The method of grain aeration in accordance with the present invention provides for the progressive expansion of acceptable ambient air temperature and EMC levels to ensure that long periods without aeration do not occur. In particular, the range of acceptable temperature and EMC levels is increased as a step function of accumulated or "banked" aeration time. In the preferred embodiment, the range of acceptable temperatures is expanded by plus or minus 1 degree, at each step. The range of acceptable EMC (as determined by ambient conditions) is expanded by plus or minus 0.2 percent at the first step and by 0.3 percent at each following step. The first such expansion step occurs when "banked" aeration time equals or exceeds nine fifteen-minute segments. The second such expansion step occurs when "banked" aeration time equals or exceeds thirteen such segments. The third, fourth, fifth and sixth expansion steps occur when the "banked" aeration time equals or exceeds 20, 32, 64 and 96 such segments, respectively. Further expansions may occur in similar fashion as additional aeration time is accumulated. (It has been found useful to initialize the "banked" fan operation time to 20 segments at system start-up, so that the control system will tend to perform aeration during its initial days of operation in case existing grain conditions at start up require aeration and less than optimum ambient temperature and humidity conditions persist during the initial days of operation.)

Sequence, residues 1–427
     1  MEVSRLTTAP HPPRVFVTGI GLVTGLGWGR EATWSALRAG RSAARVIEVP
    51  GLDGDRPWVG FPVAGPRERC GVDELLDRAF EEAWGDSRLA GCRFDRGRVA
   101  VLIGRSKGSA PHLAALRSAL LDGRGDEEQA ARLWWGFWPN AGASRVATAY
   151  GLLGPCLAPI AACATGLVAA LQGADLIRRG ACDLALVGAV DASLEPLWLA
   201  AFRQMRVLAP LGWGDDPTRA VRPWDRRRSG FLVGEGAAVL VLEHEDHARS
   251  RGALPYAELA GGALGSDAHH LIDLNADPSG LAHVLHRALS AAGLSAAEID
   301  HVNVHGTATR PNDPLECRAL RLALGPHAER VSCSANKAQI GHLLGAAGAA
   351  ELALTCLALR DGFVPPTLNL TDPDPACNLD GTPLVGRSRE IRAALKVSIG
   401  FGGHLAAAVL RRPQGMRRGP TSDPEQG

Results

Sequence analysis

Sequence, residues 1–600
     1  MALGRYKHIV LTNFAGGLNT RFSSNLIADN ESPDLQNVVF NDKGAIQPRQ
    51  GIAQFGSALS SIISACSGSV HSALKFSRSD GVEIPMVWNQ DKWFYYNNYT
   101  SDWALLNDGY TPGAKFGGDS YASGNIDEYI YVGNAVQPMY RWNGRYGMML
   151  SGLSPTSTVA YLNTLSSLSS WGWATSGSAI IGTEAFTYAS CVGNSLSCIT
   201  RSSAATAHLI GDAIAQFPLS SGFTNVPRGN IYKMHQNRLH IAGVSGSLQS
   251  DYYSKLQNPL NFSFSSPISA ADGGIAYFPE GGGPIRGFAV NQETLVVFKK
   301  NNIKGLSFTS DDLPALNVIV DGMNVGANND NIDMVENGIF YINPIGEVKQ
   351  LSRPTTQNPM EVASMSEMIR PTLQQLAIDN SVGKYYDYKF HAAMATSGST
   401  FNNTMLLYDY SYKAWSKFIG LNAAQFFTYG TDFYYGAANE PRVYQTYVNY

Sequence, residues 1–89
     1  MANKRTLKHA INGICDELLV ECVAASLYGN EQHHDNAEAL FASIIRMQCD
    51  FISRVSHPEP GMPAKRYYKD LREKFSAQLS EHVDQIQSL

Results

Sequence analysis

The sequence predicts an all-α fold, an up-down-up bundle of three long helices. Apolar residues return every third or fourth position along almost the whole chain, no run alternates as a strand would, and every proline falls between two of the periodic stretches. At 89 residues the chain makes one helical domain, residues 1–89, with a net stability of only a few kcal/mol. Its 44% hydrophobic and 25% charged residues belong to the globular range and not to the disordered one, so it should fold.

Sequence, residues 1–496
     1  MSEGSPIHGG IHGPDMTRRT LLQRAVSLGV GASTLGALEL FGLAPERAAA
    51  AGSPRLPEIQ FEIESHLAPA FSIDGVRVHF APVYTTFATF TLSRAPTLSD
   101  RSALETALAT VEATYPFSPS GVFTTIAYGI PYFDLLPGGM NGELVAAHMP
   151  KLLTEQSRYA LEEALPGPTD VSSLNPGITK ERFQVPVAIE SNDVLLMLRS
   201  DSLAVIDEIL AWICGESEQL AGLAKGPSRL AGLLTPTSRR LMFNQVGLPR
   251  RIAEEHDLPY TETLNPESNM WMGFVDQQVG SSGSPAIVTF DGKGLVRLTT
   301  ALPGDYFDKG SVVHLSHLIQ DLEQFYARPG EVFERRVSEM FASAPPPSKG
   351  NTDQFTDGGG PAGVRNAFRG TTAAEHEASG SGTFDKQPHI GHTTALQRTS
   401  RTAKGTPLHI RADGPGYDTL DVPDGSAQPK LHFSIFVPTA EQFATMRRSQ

In the preferred embodiment, in order to avoid excessive cooling or heating of the stored grain, the running average temperature around which the range of acceptable ambient temperature is defined is never allowed to go below 20° F. or above 65° F. These upper and lower limits may be varied for installations in different geographic areas.